Microsoft s chief of Windows division, Steven Sinofsky, recently wrote a blog post on Windows 8 on ARM (WOA) which clarified that Windows on ARM will not support desktop apps apart from Office 15 and Windows components. Inspite of this, the blog post stated that Windows on ARM will look and feel exactly like Windows 8 on Intel chipsets. End users want to know how these devices will be different from the iPads/Android Tablets of this world, and the idea behind this article is exactly that. Here are few key differences between Windows 8 on ARM and other tablets including Apple s iPad and the Android offerings from various OEMs.
Microsoft has just taken the wraps off its upcoming Windows OS (codenamed Windows 8), which will run on ARM's architecture. It will be a sort of all-in-one OS that would power tablets, desktop PCs and laptops. At the moment, it seems like Windows 7 with Windows Phone 7 skin on top of it with advanced features, suitable for gadgets with extra processing capabilities. However, we kinda like what we see, especially the multi-tasking aspect. Hit the break below to continue reading and watch a video demo of Windows 8.
Blog SemiAccurate has published an interesting article stating that Apple intends to move its desktop and laptop computer systems from the Intel x86 architecture to ARM-based architecture in the semi-near future. “The short story is that Apple is moving the laptop line, and presumably desktops too, to ARM based chips as soon as possible,” reads the posting. “With A15/Eagle allowing more than 32-bit memory access, things look up, but it seems silly to do so before the full 64 bit cores come in the following generation. [...] Think mid-2013. At that point, Apple can move to ARM without worrying about obsoleting code with an ISA [instruction set architecture] that is on the verge of changing, and no memory overhead worries either.” Apple’s iOS line of products are powered by ARM silicon. The publication cites “moles” as the source of the information moles that have provided accurate intel (pun intended) about Apple’s manufacturing component choices in the past. Will Apple shift desktop architectures yet again? Will we get to see more commercials featuring barbecued moon men? Time will tell.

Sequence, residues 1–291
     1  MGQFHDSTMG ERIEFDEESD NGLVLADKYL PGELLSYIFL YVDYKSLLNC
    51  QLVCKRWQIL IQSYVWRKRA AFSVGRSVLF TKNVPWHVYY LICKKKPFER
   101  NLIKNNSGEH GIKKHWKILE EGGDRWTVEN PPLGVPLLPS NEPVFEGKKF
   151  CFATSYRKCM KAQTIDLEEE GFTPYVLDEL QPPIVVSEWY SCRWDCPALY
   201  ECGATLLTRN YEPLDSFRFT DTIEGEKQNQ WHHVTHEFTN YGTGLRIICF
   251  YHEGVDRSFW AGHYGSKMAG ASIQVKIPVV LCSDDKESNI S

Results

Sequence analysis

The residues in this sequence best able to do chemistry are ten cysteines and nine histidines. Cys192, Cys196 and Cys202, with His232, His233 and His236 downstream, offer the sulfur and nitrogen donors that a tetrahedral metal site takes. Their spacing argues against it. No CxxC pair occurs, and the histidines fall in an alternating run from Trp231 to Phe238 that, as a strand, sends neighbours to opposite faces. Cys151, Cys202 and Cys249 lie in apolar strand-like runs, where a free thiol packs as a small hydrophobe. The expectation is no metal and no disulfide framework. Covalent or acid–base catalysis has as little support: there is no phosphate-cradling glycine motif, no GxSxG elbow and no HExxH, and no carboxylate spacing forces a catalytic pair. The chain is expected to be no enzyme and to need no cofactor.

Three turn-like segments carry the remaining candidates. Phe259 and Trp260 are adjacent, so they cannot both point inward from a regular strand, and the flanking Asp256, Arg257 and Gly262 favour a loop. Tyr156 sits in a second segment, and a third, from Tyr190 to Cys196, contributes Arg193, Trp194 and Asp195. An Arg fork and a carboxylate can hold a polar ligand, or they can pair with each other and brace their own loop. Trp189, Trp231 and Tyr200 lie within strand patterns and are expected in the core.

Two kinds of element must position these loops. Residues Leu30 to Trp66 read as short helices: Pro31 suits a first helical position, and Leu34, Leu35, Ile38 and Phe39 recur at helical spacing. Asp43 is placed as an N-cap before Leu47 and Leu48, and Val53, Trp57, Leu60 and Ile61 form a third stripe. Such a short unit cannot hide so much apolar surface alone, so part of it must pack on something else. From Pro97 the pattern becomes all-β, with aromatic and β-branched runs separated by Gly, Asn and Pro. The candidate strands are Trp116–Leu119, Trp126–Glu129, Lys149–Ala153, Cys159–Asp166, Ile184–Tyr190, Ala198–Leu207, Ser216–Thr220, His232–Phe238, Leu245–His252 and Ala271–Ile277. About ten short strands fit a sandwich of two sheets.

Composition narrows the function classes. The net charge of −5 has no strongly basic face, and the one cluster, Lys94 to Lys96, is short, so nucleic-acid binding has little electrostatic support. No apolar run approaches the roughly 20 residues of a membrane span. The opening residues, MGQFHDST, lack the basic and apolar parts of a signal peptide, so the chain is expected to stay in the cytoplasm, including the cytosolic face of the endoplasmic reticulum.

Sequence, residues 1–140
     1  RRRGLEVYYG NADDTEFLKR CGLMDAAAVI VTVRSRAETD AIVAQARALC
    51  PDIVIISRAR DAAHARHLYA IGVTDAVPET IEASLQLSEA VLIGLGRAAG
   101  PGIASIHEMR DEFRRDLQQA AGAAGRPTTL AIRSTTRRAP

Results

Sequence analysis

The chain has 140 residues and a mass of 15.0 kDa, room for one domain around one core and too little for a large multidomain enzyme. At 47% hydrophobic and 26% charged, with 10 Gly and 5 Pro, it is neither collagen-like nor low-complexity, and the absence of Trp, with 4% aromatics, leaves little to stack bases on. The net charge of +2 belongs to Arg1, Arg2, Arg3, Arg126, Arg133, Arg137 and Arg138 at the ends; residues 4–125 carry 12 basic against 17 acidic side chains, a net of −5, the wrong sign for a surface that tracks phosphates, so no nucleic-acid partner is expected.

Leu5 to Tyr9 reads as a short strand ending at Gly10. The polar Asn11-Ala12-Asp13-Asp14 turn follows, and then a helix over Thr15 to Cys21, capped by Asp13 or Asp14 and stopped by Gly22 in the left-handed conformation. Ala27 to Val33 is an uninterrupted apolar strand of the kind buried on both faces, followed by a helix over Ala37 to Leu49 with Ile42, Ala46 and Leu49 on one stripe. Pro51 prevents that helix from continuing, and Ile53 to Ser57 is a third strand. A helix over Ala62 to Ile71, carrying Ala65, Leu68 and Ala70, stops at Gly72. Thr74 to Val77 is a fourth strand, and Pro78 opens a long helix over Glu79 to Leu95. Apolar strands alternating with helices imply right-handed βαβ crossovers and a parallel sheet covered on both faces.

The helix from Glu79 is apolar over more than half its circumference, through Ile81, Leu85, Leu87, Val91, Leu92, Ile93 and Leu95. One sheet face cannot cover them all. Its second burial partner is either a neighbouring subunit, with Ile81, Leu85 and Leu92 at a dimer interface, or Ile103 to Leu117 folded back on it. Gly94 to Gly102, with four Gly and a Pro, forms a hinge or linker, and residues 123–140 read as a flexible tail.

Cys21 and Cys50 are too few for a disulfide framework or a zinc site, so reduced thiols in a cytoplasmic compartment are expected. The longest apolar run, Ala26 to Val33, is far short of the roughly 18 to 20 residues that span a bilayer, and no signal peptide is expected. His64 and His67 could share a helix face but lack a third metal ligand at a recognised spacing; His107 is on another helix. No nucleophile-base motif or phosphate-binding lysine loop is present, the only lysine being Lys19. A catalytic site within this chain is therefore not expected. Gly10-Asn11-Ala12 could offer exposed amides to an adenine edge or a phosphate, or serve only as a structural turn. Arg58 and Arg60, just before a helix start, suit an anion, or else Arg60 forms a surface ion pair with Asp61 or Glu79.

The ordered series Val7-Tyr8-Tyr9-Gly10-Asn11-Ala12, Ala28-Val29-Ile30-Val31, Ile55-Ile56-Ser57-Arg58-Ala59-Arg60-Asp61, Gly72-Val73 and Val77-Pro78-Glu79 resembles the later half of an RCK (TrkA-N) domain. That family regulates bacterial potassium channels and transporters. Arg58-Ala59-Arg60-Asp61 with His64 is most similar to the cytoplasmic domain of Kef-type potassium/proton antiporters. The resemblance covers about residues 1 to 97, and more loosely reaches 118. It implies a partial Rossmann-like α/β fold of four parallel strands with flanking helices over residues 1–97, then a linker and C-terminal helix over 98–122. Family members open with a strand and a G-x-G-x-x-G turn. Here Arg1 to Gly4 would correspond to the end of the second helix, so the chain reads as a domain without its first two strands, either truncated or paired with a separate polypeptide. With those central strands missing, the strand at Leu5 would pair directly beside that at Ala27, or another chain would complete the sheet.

Already bored by these anemic dual-core 1GHz smartphone processor offerings? You’re in luck. Korean blog MK is reporting that a “high-ranking” Samsung official has indicated that the company is “planning to release a 2GHz dual core CPU-equipped smartphone by next year.” The same official went on to tout that the new silicon would “have the data processing capacities of a regular PC.” If you’re not into Samsung hardware, fear not. The report notes that the company is “considering separate sales of the CPU units for other smartphone makers.” Moores Law is certainly starting to pay dividends in the smartphone processor space, as chip efficiencies and speeds are beginning to rapidly improve… now all we need is a better smartphone battery.